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Germany

German press review: Free Democrats in turmoil

Guido Westerwelle's decision to step down as the chair of the Free Democrats and as Vice Chancellor has prompted debate in the German press about what this decision means for Westerwelle, the FDP, and the country.

Newspapers on a rack

German media aren't sure of the FDP's future

As the national executive of the Free Democrats (FDP) gathers in Berlin on Monday to consider Guido Westerwelle's offer of resignation and to discuss potential successors to the top position in the party, the German press has read into what it means that the FDP has lost so much strength since the federal elections in 2009.

Recent regional elections have showed the FDP losing ground to the Greens, which was a sign in the ranks of the FDP that it was time for a change.

However, the Kölner Stadt-Anzeiger writes that pressuring Westerwelle to go may have been a hasty decision. With Westerwelle remaining in his post as foreign minister, "Westerwelle will continue to embody the past." This will make it more difficult for the party to reinvent itself. "It's a thousand times easier to feign trust than it is to win it back," the paper writes.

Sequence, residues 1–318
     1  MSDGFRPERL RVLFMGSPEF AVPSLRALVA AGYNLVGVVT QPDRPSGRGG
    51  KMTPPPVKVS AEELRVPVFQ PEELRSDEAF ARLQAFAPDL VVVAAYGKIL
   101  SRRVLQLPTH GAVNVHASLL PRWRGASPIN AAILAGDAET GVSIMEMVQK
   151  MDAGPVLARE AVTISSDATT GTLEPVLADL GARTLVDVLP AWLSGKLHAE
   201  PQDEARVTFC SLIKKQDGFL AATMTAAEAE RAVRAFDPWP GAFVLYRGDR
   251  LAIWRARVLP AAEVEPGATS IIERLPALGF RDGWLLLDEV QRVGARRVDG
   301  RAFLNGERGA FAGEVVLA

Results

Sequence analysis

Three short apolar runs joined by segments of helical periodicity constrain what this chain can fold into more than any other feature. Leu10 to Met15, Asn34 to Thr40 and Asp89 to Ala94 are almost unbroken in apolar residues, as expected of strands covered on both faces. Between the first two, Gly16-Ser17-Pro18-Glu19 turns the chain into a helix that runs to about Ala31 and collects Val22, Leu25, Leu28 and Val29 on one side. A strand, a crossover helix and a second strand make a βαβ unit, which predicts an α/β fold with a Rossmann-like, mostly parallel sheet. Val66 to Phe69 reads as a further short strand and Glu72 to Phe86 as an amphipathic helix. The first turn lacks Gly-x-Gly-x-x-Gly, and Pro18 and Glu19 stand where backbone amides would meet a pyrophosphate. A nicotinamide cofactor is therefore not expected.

The Badische Zeitung, based in Freiburg in Baden-Württemberg, where the FDP lost over half of its parliamentary representation in elections in March, notes that Westerwelle's successor at the head of the party will come from a short list of people who "largely left Westerwelle to his own devices" as party head. The paper adds that Health Minister Philipp Rösler, widely tipped to succeed Westerwelle, is an interesting choice due to his stated desire to distance himself from politics.

In addition to choosing a new party leader, the future of the FDP itself also comes into question through Westerwelle's departure as party head, writes the Hannoversche Allgemeine Zeitung. "The FDP now faces the question of what it stands for," the paper writes, "Westerwelle's departure does not provide an answer."

However, the shake-up of the FDP could be seen as an opportunity. The Heilbronner Stimme, another paper based in Baden-Württemberg, writes that "the FDP needs a completely renovated platform more than a change in personnel," but urges caution as the FDP pursues that change: "The party has to pick itself up and dust itself off without opportunistically throwing all their conventions out the window."

The Munich-based Süddeutsche Zeitung was alone in the German press in expressing a degree of sadness over the recent decline of the FDP. After praising the party for showing continuity over the years with many different German governments, the paper said the FDP began to crumble under former Chancellor Helmut Kohl. Now, "one must mourn any democratic party that withers away. With it, a part of democratic tradition also fades."

Author: Matt Zuvela
Editor: Nicole Goebel

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